Wednesday 18th May 2011
Syngene is pleased to announce its Dyversity 2D gel imaging system is being used by scientists at one of Latin America’s most prestigious Ophthalmological Institutions, the Institute of Ophthalmology “Fundación Conde de Valenciana” in Mexico, to study which proteins are associated with ocular diseases.
Researchers in the Microbiology and Ocular Proteomics Area at the Institute of Ophthalmology “Fundación Conde de Valenciana” are using the Dyversity, Syngene’s 2D gel imaging system to accurately visualize proteins stained with either silver stain or Coomassie blue on 2D and 1D gels. The system is also being used to analyze chemiluminescent protein arrays and Western blots. The information from the gels and blots is helping detect which proteins are responsible for a range of ocular diseases, and it is hoped that determining the molecular basis of these conditions, may help find new therapies to treat them.
Dr Victor Bautista de Lucio, Professor Researcher at the Institute explained: “We extract tears from patients with eye diseases and study the protein profiles in their tears. This means we often need an imaging system that can detect very small amounts of proteins in our 2D gels. We had an image analyzer but it was not sensitive enough and sometimes we even had to go back to using manual Polaroid plates to help us visualize the protein spots, which made image analysis very difficult.”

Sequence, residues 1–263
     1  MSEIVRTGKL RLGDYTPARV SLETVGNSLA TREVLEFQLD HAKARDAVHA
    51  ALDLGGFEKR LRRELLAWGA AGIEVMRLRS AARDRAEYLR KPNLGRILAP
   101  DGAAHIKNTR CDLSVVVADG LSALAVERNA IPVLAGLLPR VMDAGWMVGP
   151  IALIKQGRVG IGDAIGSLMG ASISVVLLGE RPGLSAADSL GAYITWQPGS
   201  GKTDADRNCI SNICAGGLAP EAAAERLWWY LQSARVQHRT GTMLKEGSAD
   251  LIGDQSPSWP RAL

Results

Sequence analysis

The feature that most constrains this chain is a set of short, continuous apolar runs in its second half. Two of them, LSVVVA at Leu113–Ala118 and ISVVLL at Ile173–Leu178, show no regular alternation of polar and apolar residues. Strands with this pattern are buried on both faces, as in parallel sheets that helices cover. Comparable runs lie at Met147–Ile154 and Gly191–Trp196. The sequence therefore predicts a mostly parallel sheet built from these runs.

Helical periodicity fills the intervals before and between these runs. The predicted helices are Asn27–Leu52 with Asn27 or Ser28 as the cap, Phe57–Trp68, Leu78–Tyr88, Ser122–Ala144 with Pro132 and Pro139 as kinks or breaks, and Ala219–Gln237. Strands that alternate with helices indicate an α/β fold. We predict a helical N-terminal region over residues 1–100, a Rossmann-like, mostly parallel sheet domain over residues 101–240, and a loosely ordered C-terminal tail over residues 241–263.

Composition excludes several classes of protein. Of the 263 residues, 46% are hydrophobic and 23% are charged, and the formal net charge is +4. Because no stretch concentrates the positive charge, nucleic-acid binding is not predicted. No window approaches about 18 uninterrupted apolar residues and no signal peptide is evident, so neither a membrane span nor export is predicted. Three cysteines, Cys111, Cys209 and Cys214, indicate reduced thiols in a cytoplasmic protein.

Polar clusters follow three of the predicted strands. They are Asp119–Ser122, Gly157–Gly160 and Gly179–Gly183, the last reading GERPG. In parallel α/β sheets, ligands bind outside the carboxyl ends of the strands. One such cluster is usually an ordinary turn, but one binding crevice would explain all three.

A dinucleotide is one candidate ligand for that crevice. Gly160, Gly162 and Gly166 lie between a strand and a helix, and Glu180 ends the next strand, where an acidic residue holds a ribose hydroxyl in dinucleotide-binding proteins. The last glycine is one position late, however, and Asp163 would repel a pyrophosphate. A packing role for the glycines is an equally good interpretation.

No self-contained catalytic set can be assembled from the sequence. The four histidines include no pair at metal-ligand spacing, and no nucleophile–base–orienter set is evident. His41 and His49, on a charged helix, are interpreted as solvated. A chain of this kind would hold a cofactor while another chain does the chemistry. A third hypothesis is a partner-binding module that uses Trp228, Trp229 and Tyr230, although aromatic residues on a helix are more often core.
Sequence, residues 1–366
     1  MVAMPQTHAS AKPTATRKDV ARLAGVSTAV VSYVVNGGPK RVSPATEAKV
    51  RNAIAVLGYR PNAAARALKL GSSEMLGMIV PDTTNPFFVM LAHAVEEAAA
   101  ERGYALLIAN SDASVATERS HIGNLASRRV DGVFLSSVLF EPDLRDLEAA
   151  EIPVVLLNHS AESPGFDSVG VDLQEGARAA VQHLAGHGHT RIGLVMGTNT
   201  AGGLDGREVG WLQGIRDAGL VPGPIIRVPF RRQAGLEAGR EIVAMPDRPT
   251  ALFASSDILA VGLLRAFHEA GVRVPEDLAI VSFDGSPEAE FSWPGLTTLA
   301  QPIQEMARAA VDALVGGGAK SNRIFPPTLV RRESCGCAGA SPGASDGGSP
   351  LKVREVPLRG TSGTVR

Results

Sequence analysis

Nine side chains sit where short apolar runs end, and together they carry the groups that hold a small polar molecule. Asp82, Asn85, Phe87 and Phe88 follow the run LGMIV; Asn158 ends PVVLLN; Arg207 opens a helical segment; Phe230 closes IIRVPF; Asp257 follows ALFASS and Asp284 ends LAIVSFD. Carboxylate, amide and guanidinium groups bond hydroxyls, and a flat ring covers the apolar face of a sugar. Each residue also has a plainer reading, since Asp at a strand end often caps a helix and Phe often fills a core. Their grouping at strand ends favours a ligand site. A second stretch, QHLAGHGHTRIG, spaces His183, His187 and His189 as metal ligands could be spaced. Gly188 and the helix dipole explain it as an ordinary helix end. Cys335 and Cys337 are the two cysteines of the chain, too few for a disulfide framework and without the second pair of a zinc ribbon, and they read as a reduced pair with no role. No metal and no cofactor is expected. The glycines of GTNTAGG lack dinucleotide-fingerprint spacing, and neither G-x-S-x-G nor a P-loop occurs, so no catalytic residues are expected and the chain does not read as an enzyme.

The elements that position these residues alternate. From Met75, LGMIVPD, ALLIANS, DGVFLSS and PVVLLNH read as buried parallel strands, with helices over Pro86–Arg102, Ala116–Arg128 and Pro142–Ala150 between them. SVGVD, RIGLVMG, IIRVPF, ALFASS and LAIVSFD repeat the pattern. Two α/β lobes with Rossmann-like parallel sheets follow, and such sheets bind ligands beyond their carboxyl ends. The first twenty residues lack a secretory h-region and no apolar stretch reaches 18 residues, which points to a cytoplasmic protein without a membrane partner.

Dr Bautista de Lucio added: “We installed a Dyversity system in 2010 and using this system we have generated high quality images, which have helped us to establish good proteomic profiles in several ocular diseases.”
Paula Maia, Syngene’s Product Specialist stated: “Imaging 2D gels and protein arrays is very difficult; especially with poorly expressed proteins so we are delighted our Dyversity system has risen to this challenge in such worthwhile research. The results scientists are achieving at the Institute of Ophthalmology “Fundación Conde de Valenciana” demonstrate that for accurately analyzing proteins on any type of gel or blot, the Dyversity system is hard to beat.”
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